There’s Truth in This Market Maxim

Matthew Carr
by Matthew Carr, Emerging Trends Strategist, The Oxford Club
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Investors love to parrot adages and strategies.

At a party last weekend, the conversation turned to the markets and investing. And at one point, I simply sat back and chuckled as I listened to a barrage of sound bites...

"You know when the best time to plant a tree is? Yesterday. You want to know the second best? Today."

"Think risk first, then reward."

"Buy companies, not stocks!"

"Don't fight the tape."

On and on it went.

Being that it was Greek Easter, I blame the fortune cookie conversation on too much roasted lamb and Metaxa, a blend of brandy and wine.

Now, many Wall Street sayings remain relevant after decades and even centuries because there are kernels of truth in them.

To support my argument, I'll borrow a maxim from financial media pioneer Dick Davis: "We should treat market truisms with respect, but not as gospel."

Because understanding a Wall Street truism can make us better - more profitable - investors.

Sell in May? Kind of...

As a trend trader, I'm well-versed in market timing axioms.

For instance, there are few market sayings that irk me more than "Sell in May and go away. Don't come back until St. Leger's Day." (Or for Americans, "Don't come back until Labor Day.")

I'm not irked by the saying because it's necessarily wrong...

On Monday, I showed that April is one of the best months for stocks before we skid into the "summer lull." (Though by no means do I think investors should sit on the sidelines because of that.)

I'm irked because hailing "Sell in May" as gospel is dangerous. And you're probably going to do more harm than good to your portfolio by following it.

The reality is that this saying applies to a specific sector: retail.

Retailers rake in most of their money during back-to-school season and the holiday crush.

Those events are in the back half of the year.

And we see this consumer spending trend play out in share prices.

Retail stocks typically start gaining momentum in October - they drive higher on third quarter earnings announcements. That optimism continues through fourth quarter reporting in February.

But it all starts crumbling when first quarter earnings are publicized in April and May.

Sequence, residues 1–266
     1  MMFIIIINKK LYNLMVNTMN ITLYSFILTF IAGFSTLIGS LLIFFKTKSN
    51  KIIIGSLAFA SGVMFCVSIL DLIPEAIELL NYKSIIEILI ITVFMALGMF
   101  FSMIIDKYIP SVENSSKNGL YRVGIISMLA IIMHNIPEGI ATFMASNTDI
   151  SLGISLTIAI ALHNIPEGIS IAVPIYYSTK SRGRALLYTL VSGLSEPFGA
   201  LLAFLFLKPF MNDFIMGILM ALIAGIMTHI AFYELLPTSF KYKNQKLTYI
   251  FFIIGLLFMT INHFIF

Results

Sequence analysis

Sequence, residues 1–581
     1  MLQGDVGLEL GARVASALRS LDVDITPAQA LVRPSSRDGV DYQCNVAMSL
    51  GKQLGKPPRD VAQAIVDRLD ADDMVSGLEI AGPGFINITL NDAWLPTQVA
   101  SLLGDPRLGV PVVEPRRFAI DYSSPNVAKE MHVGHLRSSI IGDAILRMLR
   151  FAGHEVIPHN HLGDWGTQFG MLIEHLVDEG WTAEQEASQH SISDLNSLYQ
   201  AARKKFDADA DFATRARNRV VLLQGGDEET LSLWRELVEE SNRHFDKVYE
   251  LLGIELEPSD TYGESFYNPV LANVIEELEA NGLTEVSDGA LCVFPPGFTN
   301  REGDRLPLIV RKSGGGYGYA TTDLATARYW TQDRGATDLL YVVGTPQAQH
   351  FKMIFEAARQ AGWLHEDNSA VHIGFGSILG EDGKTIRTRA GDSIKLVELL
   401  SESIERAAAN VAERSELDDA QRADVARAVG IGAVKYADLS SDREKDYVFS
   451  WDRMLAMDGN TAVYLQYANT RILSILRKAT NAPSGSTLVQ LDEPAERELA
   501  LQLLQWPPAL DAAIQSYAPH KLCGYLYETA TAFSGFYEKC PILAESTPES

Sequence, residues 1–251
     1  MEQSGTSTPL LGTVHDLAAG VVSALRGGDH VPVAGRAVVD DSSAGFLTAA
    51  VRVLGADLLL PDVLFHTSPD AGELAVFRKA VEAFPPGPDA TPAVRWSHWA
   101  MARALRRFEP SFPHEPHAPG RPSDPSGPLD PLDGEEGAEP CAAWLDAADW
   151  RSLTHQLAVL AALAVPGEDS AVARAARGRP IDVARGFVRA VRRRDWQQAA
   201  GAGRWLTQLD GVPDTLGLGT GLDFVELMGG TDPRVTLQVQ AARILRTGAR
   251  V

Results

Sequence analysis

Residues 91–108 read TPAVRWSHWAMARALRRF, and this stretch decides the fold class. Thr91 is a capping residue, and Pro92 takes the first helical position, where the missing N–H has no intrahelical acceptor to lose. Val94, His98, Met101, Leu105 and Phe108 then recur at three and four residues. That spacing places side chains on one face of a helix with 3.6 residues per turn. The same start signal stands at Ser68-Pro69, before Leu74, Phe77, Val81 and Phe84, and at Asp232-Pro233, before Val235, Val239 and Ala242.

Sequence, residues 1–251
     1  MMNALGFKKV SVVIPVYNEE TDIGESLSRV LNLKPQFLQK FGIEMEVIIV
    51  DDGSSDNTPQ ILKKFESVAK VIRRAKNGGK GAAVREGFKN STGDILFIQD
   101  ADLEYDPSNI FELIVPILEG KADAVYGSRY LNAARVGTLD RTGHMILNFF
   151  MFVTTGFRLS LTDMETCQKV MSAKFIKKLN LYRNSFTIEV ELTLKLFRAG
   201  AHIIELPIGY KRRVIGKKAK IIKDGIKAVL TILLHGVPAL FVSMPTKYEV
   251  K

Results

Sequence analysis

I'll use a revenue chart from Macy's (NYSE: M) so you can clearly see why...

The big spike each year represents fourth quarter revenue. After all, there are plenty of reasons for consumers to shop during the winter months.

Investors get excited as revenue surges from $5 billion to around $9 billion...

But they're equally deflated to see it crash back down again, even though it happens every year.

Since October, shares of Macy's are up more than 34%.

They soared on third quarter earnings... just as they've done in four of the past five years. And they spiked higher on fourth quarter earnings, as Macy's shares have consistently done for a decade.

But that's likely it for now.

This is where "Sell in May" comes into play.

According to my own Prime System research, Macy's shares have fallen on first quarter earnings six times since 2010. And the average one-day drop on the report is more than 4%.

With no big spending events between Easter and back-to-school season, May is the start of a sluggish period for a wide range of retailer shares, not just Macy's.

Sell Most Retailers Now

My proprietary Prime System Retail (PSR) Index performance from May to October is a good illustration of this "blah" period for retail...

The PSR Index is made up of more than two dozen retail companies, including Macy's. And this trend shows why we don't buy a lot of retail shares between now and October.

It's because they tend to fall. So we're just throwing our hard-earned money down the drain.

Since 2000, the PSR Index has gained just five times during the May to October period. And as you can see, the biggest gains followed broad market collapses - they were rebound periods.

Does all this mean there are no retail companies for the summer months? No.

We're just more selective about what type of retail we buy.

And this illustrates the core of my investing philosophy: playing the strength of a rotating sector strategy.

This is where investors target specific companies during their best months of the year, exit at the peak and roll everything over to the industries that are about to hit their most bullish months of the year.

If you're an investor buying retailers now because they've been on a great run the past six months, you may be in store for disappointment.

The trend is against you.

As I often say, there's always a bull market somewhere. You merely have to know where to look. And you have to know what market maxims to treat as gospel.

Good investing,

Matthew

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